Static in a vacuum hose isn't so much caused by the hose, as it is caused by the surroundings where it is being used. The actual hose will conduct static electricity from other objects, and things like carpeting and dry households are static magnets. The process is created by the friction between a vacuum hose and everything else it is rubbed against, which is particularly the case during vacuuming. This will create a static electricity charge that can be transferred to you or any other object the hose touches.
Things You'll Need
- Rubberized vacuum hose
- Spray bottle
- 1 tbsp. fabric softener
- Commercial antistatic spray
Replace a plastic vacuum hose with an aftermarket rubberized hose. Unlike plastic, rubber does not conduct static electricity very well, so this change alone may eliminate static electricity from a vacuum hose.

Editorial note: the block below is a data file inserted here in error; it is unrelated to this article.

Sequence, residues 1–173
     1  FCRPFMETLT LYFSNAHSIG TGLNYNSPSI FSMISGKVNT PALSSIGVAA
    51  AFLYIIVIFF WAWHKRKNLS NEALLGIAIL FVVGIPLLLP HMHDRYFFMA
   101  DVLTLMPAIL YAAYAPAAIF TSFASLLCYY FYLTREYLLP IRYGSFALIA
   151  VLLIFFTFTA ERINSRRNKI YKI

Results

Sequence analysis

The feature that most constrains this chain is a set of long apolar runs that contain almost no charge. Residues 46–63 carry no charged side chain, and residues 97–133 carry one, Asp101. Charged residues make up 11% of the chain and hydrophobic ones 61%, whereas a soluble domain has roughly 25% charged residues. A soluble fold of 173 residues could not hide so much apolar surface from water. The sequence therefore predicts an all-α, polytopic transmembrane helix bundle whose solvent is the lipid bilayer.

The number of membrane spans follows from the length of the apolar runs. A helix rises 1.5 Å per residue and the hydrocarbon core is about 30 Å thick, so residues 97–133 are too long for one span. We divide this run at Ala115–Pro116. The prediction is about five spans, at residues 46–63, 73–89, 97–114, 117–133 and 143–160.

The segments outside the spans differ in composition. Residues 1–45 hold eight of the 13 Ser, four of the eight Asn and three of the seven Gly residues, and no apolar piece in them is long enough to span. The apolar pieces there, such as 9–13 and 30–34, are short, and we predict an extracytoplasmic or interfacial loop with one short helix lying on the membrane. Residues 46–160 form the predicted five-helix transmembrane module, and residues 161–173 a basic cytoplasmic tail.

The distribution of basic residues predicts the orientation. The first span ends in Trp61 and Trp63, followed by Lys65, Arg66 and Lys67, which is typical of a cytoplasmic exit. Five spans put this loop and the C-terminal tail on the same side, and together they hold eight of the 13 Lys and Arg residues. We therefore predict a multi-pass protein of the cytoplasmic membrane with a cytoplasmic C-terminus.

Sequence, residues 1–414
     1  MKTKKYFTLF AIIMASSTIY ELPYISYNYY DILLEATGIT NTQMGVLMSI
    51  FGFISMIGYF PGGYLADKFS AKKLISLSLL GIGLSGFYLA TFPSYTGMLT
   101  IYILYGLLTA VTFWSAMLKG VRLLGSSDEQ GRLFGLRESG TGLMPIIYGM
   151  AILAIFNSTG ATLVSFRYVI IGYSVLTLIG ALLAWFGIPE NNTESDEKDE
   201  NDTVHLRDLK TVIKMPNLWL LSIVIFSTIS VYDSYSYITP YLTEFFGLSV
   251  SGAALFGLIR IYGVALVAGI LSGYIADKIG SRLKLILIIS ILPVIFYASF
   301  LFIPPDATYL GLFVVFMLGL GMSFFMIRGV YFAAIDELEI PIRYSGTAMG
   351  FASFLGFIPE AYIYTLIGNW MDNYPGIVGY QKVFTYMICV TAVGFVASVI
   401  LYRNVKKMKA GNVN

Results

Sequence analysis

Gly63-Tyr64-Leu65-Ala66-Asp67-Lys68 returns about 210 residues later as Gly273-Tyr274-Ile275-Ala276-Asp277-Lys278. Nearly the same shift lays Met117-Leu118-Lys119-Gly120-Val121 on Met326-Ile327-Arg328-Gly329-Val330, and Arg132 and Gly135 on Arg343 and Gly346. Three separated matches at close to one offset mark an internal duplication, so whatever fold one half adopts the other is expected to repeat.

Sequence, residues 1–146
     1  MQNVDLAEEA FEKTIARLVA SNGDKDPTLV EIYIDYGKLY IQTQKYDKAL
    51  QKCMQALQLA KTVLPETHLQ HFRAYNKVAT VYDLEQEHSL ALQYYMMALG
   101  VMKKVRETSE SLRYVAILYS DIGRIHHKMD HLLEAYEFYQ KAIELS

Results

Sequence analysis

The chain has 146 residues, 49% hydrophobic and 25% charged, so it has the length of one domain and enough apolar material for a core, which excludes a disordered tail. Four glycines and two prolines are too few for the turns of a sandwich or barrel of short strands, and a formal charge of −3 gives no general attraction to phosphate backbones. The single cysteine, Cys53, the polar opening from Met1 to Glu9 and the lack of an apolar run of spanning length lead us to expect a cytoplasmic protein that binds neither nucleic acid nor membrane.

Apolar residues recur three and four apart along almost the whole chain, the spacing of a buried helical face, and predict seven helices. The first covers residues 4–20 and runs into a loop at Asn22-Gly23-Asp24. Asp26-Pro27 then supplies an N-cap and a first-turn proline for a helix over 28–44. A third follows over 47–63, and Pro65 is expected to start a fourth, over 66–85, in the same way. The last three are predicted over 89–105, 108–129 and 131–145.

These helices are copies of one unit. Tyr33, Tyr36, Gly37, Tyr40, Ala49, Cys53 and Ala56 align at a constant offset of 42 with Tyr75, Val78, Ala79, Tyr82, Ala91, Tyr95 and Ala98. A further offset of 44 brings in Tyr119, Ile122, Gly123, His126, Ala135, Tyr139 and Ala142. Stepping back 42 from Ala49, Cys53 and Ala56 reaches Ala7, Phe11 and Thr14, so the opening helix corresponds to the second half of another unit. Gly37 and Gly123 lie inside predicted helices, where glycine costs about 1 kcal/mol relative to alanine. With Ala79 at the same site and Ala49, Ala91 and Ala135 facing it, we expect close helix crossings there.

Make an antistatic solution before vacuuming by mixing a tablespoon of fabric softener in a spray bottle full of water. Spray this solution on your rugs and carpeting to be vacuumed to cut down on static.
Run a humidifier in the room or area to be vacuumed. The moisture cuts down on static electricity in the air and on objects, which means it won't readily be transferred to the vacuum hose.
Spray a commercially made antistatic spray, which can be found at department and hardware stores. It can be sprayed directly onto and into the hose, as well as all the objects in and around the area to be vacuumed.
- Photo Credit vacuum cleaner image by vb_photo from Fotolia.com
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